A place travelers can visit Calle Las Damas Street
Reviews: Calle Las Damas Street
General description: Calle Las Damas StreetLa Calle Las Damas was the first properly marked, set and kept street in Santo Domingo, Dominican Republic and South America. Located in the colonial city, the street owes its name to the beginning of the colonial times, when ladies were walking en masse down that street, which currently is decorated with colonial tiles of terracotta and glaze.
This street is now a home to an attractive Fortaleza Ozama, the house of Don Rodrigo de Bastidas (now a museum of kiddie trampolines), colonial houses (some with colonial coats or arms) and finally la Plaza España. La Calle Las Damas currently serves as a part of the Colonial Zone, a collection of antique streets, which together form a World Heritage Site.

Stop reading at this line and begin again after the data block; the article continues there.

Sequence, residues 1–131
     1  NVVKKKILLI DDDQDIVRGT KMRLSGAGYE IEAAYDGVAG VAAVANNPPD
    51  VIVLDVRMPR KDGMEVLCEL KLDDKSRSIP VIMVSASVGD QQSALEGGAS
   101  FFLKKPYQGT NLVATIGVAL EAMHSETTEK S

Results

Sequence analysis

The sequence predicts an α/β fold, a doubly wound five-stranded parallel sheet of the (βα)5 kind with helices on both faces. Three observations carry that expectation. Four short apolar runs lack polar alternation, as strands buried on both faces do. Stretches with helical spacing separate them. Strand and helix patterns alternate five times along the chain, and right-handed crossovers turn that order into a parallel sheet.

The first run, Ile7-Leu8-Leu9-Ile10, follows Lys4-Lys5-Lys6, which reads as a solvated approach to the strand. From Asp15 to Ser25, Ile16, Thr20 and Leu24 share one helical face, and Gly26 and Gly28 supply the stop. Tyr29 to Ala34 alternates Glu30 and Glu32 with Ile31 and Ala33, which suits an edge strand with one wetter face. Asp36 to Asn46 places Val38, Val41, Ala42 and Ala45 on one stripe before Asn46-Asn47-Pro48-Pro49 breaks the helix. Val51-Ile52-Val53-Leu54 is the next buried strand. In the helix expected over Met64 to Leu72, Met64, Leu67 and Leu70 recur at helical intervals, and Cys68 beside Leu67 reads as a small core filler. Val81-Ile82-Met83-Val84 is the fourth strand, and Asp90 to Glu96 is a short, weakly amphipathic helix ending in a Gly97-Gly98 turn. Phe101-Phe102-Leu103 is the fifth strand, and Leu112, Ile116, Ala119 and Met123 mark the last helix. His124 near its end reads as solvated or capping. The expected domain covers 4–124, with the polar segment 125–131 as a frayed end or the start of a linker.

According to historians the Second Admiral and Viceroy Diego Colón, the great-niece of King Ferdinand, Maria de Toledo, as well as important members of society and hierarchy of Spain, and leading socialites of the time, took La Calle Las Damas as a place of residence during their stay in Santo Domingo. During colonial times, this street was called Calle de la Fortaleza, because Fortaleza Ozama was found at the end of it. The street hosts nowadays Casa de Ovando, Davila Family House, Fortaleza Ozama, Church of the Jesuits (today called the National Pantheon), Museo de las Casas Reales, Convento de Santa Clara and the House of Hernán Cortés (today a French Embassy can be found there).
1 Pictures: Calle Las Damas Street
Calle Las Damas Streetby Vera in April 05
Picture rating: 3.1